Many of us have pent up travel demand. Covid-19 remains with us, lingering in the background, but it’s largely from our front-of-mind. For those of my readers in Europe, or just curious how superior European rail infrastructure is over American, this piece from Benjamin Td provides some useful information.
It uses isochrones to map out how much a traveller could travel if he would travel five hours. For this screenshot I chose London’s King’s Cross station. In red we see distances within a one-hour rail ride from said station. In the lightest yellow are those places within the five-hour distance.
The interactive map allows users to investigate stations throughout Europe. Mousing over various parts brings up different stations. Clicking on the station freezes the station on the map allowing the user to zoom in or out and investigate different areas of Europe.
Colour-wise, things work well. The desaturated map allows the yellow-to-red palette to shine. And to the right a closable legend, which unfortunately cannot be reopened once closed for the only real blemish on the piece. Even typographically, the labels appear in grey whereas selected stations appear in black.
I took two weeks off as work was pretty crazy, but we’re back to covering data visualisation and design with a graphic about trains. And anybody who knows me knows how I love trains. One of the early acts of the Biden administration was funding a proper expansion of rail service in the United States.
Last week the Washington Post published an article that explored some of the difficulties Amtrak, the national rail company, faces in that expansion. Most of it has to deal with the fact that outside the Northeast Amtrak largely uses rail lines owned by freight companies.
The article uses a map to show Amtrak routes and, in particular, where Amtrak wants to increase service or create new service.
As far as the map goes, it does a nice job needing not to reinvent the wheel. When an existing route will have expanded service, e.g. the Northeast Corridor, the blue line sits next to the dotted white line. What remains a bit unclear to me is the use of black text for Chicago, Atlanta, Dallas, and Los Angeles. The bold type for New Orleans and Mobile makes sense because of the story’s focus on that particular route. Chicago is mentioned once, but Dallas is not. So that is unclear.
But what really stood out to me was what happened when I re-read the story on my mobile. The graphic split from a full map to three narrow graphics, each featuring 1/3 of the United States. The designers moved the text labels so that they are fully visible in each graphic.
Overall, the piece does a great job at showing the map, but in particular it shines when it swaps out the large map for the smaller graphics on small screens. And the attention to detail in moving the text labels makes it all the better.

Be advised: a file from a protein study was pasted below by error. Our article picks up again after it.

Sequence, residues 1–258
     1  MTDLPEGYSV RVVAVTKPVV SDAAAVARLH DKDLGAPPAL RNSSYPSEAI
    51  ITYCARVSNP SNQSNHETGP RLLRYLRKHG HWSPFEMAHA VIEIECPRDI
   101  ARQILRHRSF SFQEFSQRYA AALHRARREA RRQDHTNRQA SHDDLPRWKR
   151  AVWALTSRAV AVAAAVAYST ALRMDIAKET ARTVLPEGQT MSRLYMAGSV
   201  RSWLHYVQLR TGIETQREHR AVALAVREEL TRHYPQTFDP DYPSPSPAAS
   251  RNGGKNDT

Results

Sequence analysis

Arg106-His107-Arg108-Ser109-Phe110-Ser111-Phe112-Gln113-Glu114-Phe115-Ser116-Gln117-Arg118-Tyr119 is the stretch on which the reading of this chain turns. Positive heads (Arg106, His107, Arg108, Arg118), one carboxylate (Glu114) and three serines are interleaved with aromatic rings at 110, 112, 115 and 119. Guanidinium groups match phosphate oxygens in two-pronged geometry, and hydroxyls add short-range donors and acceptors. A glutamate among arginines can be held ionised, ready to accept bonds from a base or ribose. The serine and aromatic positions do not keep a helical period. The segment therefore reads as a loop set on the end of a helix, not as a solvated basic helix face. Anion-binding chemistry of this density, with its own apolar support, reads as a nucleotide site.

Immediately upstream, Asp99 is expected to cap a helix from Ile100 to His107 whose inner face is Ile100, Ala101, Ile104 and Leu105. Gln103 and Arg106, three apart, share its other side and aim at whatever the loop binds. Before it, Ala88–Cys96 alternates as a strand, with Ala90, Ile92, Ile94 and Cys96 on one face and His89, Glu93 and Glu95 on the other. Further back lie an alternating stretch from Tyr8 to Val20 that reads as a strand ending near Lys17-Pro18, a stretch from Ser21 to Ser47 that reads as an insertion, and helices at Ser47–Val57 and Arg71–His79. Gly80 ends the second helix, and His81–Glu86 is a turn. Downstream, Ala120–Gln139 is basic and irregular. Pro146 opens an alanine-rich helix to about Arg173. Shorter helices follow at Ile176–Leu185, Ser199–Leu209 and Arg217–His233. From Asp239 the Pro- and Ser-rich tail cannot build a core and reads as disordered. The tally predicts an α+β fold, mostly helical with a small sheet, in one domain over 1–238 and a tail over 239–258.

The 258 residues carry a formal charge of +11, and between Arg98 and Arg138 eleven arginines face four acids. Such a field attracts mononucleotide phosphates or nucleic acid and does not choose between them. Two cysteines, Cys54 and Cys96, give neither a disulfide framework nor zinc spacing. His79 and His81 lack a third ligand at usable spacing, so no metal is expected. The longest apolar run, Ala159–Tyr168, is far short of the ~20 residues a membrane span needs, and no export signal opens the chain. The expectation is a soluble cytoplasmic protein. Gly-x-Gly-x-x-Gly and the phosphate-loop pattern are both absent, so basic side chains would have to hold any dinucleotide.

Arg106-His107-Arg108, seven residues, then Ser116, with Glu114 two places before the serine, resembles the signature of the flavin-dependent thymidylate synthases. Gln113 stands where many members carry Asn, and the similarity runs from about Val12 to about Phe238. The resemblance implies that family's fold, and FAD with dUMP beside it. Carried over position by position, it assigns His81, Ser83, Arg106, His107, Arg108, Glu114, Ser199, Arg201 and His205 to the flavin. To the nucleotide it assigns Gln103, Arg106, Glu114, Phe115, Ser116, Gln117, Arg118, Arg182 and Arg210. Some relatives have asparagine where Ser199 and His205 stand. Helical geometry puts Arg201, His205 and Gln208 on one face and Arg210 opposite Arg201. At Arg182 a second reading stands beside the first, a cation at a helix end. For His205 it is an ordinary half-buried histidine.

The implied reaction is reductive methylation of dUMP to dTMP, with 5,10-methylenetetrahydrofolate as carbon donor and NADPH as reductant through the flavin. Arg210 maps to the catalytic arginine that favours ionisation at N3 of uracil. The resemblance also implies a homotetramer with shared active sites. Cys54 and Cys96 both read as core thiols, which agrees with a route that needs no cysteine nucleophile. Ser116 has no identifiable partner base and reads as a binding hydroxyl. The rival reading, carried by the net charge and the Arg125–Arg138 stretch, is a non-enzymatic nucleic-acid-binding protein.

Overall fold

Happy Friday, everyone. I prefer to travel via Amtrak and intercity rail, but from my flat I can see two routes of the US interstate highway system: I-676 and I-76. And when I drive to my hometown outside Philadelphia, I use those two routes. Plus, I live not far from I-95, the main highway corridor running through the East Coast of the United States.
But what a lot of people do not know is that the numbering system for US interstate highways—by and large—has an underlying principle. (I say by and large because I frequently drive on one of the most infamous exceptions.) Thankfully, the YouTuber CCP Grey just released a video that details the numbering system.
And if you’re curious about that exception, which runs through Altoona, Pennsylvania, here’s a screenshot. But you should watch the full video.
The alliteration failed at that last word, but it gets the point across. No mater how you may want to define infrastructure, the term always includes transit. In the Boston Globe, an opinion piece proposed how the city and region of Boston could improve upon the city’s mass transit options.
And they made a map.
The map is an interesting one. It uses thick purple lines to indicate the commuter rail branches—not the metro/subway lines. The problem is that the outside of those lines then encodes the suggested improvements. An orange outline indicates where tracks should be electrified—Boston still uses diesel engines for some of its commuter rail transit. But the problem is that the dark purple dominates the graphic. If, however, the purple were entirely replaced by an orange line, it would be clearer that the Providence needs electrification. (It’s actually already electrified, as that’s the same line Amtrak uses, but Boston’s transit service still uses diesel engines on the line.)